“My day passed in the same distress of mind as on the previous night. I sent for the landlord, and, with the greatest caution, skill and tact, I told him that I was interested in this poor creature, so abandoned by every one and deprived of everything, and I wished to do something for him.

“But the man replied: ‘Oh, do not think of it, monsieur; he is of no account; you will only cause yourself annoyance. I employ him to clean out the stable, and that is all he can do. I give him his board and let him sleep with the horses. He needs nothing more. If you have an old pair of trousers, you might give them to him, but they will be in rags in a week.’

“I did not insist, intending to think it over.

“The poor wretch came home that evening frightfully drunk, came near setting fire to the house, killed a horse by hitting it with a pickaxe, and ended up by lying down to sleep in the mud in the midst of the pouring rain, thanks to my donation.

“They begged me next day not to give him any more money. Brandy drove him crazy, and as soon as he had two sous in his pocket he would spend it in drink. The landlord added: ‘Giving him money is like trying to kill him.’ The man had never, never in his life had more than a few centimes, thrown to him by travellers, and he knew of no destination for this metal but the wine shop.

“I spent several hours in my room with an open book before me which I pretended to read, but in reality looking at this animal, my son! my son! trying to discover if he looked anything like me. After careful scrutiny I seemed to recognize a similarity in the lines of the forehead and the root of the nose, and I was soon convinced that there was a resemblance, concealed by the difference in garb and the man’s hideous head of hair.

“I could not stay here any longer without arousing suspicion, and I went away, my heart crushed, leaving with the innkeeper some money to soften the existence of his servant.

“For six years now I have lived with this idea in my mind, this horrible uncertainty, this abominable suspicion. And each year an irresistible force takes me back to Pont Labbe. Every year I condemn myself to the torture of seeing this animal raking the manure, imagining that he resembles me, and endeavoring, always vainly, to render him some assistance. And each year I return more uncertain, more tormented, more worried.

“I tried to have him taught, but he is a hopeless idiot. I tried to make his life less hard. He is an irreclaimable drunkard, and spends in drink all the money one gives him, and knows enough to sell his new clothes in order to get brandy.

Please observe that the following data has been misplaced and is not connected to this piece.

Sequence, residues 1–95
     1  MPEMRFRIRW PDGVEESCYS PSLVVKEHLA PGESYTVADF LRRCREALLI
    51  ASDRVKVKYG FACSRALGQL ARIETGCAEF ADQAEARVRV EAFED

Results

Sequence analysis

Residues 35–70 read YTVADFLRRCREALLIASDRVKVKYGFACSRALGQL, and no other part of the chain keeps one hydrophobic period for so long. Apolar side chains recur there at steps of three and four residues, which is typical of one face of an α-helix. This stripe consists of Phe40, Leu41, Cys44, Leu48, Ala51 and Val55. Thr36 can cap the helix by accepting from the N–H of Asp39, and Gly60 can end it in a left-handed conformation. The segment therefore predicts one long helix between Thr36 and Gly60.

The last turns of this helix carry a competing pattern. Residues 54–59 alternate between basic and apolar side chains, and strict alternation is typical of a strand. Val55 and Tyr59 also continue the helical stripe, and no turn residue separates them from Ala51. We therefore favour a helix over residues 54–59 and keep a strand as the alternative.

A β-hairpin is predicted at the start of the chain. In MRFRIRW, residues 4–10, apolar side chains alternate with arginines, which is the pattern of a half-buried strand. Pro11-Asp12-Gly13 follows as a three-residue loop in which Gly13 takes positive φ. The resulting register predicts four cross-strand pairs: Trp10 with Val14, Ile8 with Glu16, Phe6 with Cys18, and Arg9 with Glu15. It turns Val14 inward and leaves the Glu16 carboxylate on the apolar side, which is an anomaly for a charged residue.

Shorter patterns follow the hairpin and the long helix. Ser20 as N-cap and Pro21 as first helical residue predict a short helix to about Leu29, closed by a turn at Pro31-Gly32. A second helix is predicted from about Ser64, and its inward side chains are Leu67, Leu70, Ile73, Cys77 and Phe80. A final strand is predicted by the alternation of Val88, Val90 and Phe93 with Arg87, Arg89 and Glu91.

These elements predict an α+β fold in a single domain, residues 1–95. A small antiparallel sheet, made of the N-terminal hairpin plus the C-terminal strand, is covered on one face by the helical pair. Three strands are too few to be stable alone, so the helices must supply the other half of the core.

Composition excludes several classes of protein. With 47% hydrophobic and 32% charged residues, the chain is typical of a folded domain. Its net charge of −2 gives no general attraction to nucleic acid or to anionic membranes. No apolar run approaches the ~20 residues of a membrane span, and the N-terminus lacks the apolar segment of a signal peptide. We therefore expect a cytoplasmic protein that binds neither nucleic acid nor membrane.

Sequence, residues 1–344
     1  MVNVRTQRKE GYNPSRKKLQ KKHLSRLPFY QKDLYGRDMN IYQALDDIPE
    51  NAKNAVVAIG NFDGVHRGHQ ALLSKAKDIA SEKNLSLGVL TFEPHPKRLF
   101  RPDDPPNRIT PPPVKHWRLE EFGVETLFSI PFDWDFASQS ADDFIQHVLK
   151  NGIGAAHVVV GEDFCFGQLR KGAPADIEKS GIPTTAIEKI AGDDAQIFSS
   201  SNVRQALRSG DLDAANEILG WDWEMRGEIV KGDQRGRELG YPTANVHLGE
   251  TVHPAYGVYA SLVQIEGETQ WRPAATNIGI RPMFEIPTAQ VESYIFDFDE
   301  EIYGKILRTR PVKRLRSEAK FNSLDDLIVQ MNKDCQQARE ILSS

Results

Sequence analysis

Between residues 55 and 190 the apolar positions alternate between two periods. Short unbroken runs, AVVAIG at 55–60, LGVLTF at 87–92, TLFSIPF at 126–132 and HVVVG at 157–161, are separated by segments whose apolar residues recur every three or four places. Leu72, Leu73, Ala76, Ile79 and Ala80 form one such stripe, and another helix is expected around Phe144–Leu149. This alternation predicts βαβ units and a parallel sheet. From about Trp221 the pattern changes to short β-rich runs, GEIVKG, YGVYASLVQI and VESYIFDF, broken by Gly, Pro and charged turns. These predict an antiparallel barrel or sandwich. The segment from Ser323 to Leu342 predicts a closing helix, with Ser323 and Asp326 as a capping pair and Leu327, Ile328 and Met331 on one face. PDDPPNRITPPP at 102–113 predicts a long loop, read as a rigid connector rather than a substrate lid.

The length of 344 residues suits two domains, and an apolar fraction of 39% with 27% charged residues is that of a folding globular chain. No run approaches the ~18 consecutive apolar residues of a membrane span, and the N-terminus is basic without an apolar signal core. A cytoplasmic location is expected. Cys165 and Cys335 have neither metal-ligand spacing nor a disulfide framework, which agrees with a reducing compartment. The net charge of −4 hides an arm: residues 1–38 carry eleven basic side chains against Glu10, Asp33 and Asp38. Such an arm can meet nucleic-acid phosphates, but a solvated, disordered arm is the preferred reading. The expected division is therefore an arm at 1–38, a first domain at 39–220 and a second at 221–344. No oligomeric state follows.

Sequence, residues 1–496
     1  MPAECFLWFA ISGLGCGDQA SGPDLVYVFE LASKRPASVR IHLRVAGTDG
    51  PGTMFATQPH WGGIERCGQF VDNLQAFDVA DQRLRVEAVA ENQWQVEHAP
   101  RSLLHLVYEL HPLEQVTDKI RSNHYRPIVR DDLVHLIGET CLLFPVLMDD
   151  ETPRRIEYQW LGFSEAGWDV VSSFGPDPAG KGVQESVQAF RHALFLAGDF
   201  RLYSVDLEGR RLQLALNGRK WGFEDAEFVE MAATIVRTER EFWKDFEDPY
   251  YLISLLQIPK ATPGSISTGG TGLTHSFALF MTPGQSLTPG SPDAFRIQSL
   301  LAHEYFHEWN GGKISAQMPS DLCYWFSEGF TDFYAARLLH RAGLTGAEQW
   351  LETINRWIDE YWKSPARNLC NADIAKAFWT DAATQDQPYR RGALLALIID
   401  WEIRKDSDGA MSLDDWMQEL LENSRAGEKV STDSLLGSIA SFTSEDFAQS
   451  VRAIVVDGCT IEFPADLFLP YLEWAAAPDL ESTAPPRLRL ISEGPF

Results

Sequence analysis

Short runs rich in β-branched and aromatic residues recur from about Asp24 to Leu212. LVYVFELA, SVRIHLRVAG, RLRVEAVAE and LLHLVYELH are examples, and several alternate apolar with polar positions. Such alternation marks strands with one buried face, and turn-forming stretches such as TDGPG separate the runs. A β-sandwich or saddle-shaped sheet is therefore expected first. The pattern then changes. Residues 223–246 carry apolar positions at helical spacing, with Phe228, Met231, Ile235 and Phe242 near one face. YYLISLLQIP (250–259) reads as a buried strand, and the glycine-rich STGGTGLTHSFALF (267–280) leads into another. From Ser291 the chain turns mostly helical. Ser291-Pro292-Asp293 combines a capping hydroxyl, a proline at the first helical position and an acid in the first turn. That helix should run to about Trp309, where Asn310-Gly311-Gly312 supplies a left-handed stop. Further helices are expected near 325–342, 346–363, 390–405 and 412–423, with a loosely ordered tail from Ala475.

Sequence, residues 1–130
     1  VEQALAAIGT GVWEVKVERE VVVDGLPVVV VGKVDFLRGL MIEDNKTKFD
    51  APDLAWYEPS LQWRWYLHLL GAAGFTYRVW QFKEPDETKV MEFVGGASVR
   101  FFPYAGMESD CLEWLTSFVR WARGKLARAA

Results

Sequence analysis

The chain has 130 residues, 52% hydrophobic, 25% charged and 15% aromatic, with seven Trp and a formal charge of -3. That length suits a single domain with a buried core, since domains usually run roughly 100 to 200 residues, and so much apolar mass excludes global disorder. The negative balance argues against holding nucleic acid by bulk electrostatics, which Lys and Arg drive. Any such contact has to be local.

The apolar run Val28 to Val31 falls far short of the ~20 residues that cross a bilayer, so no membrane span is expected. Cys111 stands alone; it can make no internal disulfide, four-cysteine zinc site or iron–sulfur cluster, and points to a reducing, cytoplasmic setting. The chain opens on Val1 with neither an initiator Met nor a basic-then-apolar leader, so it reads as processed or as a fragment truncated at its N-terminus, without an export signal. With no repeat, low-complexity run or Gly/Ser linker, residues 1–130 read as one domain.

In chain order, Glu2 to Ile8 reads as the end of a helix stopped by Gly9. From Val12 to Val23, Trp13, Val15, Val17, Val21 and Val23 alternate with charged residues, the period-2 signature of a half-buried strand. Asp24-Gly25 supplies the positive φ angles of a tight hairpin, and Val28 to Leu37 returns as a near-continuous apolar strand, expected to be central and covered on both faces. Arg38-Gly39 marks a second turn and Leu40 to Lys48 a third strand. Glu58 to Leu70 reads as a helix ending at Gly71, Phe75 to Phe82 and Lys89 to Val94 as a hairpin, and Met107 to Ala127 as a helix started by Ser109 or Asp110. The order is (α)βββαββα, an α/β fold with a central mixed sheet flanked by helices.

“I tried to awaken his master’s sympathy, so that he should look after him, offering to pay him for doing so. The innkeeper, finally surprised, said, very wisely: ‘All that you do for him, monsieur, will only help to destroy him. He must be kept like a prisoner. As soon as he has any spare time, or any comfort, he becomes wicked. If you wish to do good, there is no lack of abandoned children, but select one who will appreciate your attention.’

“What could I say?

“If I allowed the slightest suspicion of the doubts that tortured me to escape, this idiot would assuredly become cunning, in order to blackmail me, to compromise me and ruin me. He would call out ‘papa,’ as in my dream.

“And I said to myself that I had killed the mother and lost this atrophied creature, this larva of the stable, born and raised amid the manure, this man who, if brought up like others, would have been like others.

“And you cannot imagine what a strange, embarrassed and intolerable feeling comes over me when he stands before me and I reflect that he came from myself, that he belongs to me through the intimate bond that links father and son, that, thanks to the terrible law of heredity, he is my own self in a thousand ways, in his blood and his flesh, and that he has even the same germs of disease, the same leaven of emotions.

“I have an incessant restless, distressing longing to see him, and the sight of him causes me intense suffering, as I look down from my window and watch him for hours removing and carting the horse manure, saying to myself: ‘That is my son.’

“And I sometimes feel an irresistible longing to embrace him. I have never even touched his dirty hand.”

The academician was silent. His companion, a tactful man, murmured: “Yes, indeed, we ought to take a closer interest in children who have no father.”

A gust of wind passing through the tree shook its yellow clusters, enveloping in a fragrant and delicate mist the two old men, who inhaled in the fragrance with deep breaths.

The senator added: “It is good to be twenty-five and even to have children like that.”

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Last updated Friday, March 7, 2014 at 23:09